Handicapping the Long Shots

 | Mar 01, 2012 | 12:30 PM EST  | Comments
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ftek

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Last night I spent some time on the phone talking to my son about a wide range of topics. We covered the most important one first: Do we go to opening day or wait until Monday when the Yankees come to town? In the spirit of fatherly excess, I suggested doing both.

Eventually the topic turned to the world, business, the economy and the stock market. My son is working his way up the managerial ranks with a large storage facility company and is starting to generate a little excess cash. He is finally ready to have a serious talk about investing. I gave him a couple of books he needs to read and told him we would talk about it this weekend and I would start teaching him what he needs to know.

The first thing I am going to tell him is to take the advice of David Nierenberg at D3 Funds: Look for investments that will return in multiples, not percentages. If people tell you that they like a stock because it may go to $24 from $20 over the next 12 months, ignore them no matter how good the story is. Unless you decide to become a trader and hang around people like Bob Byrne and Tim Collins all your life, look for stocks and other securities that can return you four or five times your money or more over a reasonable period. If you are right at least half the time, you will outperform all the fund managers and so-called professionals. If you are right more than that, you will become wealthy at a relatively young age. Focus on long shots and you will get plenty of places and shows, along with some exactas and trifectas.

If I were a much younger man, I would focus entirely on certain types of long shots that could return many times my original investment in five years or so. As it is, I devote a portion of my portfolio to these stocks as I count on them (along with my "trade of the decade" bank stocks and mix of safe and cheap securities) to pay for the final college tuition, two weddings and a comfortable retirement over the next decade.

There is a process to finding potential long shots. The first thing I will tell my son to do is take some of his pub money and buy a subscription to Value Line. As Warren Buffet, Walter Schloss and a host of other investors have said, they could probably run their businesses with just Value Line if absolutely necessary. One of the things I do every week is find the screen for stocks with the highest annual predicted return. Let's look at a couple of potential long shots I found.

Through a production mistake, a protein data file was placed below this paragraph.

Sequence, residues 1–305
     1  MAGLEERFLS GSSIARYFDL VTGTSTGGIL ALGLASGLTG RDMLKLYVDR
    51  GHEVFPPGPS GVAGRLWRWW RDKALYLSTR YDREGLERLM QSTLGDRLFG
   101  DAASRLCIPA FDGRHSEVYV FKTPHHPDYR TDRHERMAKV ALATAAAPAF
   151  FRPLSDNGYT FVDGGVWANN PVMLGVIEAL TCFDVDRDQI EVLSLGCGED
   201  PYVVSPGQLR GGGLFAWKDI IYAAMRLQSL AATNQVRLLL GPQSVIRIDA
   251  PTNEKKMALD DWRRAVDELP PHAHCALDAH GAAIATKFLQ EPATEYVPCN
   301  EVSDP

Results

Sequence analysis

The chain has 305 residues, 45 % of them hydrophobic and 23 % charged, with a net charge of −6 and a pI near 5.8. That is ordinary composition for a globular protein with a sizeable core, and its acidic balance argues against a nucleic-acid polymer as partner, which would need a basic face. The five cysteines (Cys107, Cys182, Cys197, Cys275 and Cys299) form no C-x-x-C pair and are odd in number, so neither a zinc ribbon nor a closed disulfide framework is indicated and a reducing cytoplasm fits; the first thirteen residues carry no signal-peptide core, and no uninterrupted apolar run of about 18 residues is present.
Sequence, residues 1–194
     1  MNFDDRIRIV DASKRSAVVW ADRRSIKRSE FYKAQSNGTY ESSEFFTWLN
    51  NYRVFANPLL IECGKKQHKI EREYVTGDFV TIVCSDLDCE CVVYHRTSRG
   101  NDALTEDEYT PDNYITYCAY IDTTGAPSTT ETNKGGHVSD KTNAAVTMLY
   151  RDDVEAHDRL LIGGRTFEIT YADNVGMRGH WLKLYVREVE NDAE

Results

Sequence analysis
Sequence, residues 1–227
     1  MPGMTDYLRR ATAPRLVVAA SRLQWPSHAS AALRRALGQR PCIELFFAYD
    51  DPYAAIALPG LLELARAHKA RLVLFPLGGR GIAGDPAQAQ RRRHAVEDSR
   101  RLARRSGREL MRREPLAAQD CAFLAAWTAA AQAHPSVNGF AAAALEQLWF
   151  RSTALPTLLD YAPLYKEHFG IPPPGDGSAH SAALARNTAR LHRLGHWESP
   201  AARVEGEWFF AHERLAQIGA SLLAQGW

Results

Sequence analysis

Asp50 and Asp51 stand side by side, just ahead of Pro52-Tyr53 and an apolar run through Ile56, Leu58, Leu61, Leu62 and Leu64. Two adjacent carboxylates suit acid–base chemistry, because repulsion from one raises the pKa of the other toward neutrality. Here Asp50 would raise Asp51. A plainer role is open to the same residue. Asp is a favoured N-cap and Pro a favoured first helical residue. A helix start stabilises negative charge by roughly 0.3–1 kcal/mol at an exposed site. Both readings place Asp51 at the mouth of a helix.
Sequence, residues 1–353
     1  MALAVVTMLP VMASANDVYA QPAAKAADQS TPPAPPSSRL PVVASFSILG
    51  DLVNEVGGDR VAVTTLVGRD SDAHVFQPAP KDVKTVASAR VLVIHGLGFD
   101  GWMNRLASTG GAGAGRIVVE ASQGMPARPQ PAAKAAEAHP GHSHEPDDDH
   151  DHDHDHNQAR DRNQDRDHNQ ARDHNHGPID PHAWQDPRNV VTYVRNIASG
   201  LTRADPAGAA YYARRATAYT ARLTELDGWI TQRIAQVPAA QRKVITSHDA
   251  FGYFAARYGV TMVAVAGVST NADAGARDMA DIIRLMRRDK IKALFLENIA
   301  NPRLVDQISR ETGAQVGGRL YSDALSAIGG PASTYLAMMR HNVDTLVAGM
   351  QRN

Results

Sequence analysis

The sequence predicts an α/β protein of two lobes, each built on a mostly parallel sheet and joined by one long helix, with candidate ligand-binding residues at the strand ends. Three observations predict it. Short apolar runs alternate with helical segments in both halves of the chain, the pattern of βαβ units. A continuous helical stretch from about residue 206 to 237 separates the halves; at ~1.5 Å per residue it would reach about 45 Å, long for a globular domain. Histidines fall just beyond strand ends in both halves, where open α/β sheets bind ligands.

Cross Country Healthcare (CCRN) was something of a growth darling back in 2006 but it tumbled along with the economy. Now there are signs that business is improving and earning should be back on track this year. The company provides traveling nurse and health care staffing, as well as physician and clinical staffing services. It has been hurt as hospitals and other health facilities focus more on cost controls. But a shortage of nurses and other hospital-based health professionals is developing, and this is very bullish for the company. If earnings recover back to 2008 levels, this stock could easily triple in value over the next few years.

Fuel Tech (FTEK) is another potential long shot that intrigues me. The company is in the air-pollution-control business, and I believe that is a growth industry. The company sells its processes and engineering services to industrial companies and power generation utilities globally. Increasingly strict environmental regulations in the U.S. should provide a steady source of business for FTEK, but the real opportunity is in emerging markets. China alone will have a market for emission control and cleaning that will be at least three times the size of the U.S. domestic market. In a shrinking global business world, even emerging markets are going to have to pay attention to air pollution concerns and control their emissions. Fuel Tech should benefit. If it can capture healthy market share, this is another stock that could easily triple in value. If it becomes a growth-and-momentum story again, as it was earlier this decade, the price could soar toward the old highs.

When I look at this list, I also see natural gas and coal names showing up as stocks with very high long-term price potential. So do some of my favorite non-legacy airlines, like Southwest Airlines (LUV). I see enough of my current holdings of safe and cheap stocks on the list that I am comfortable with the long-shot list as a source of solid stock ideas.

I will tell my son that this is the first step in the long-shot research process.

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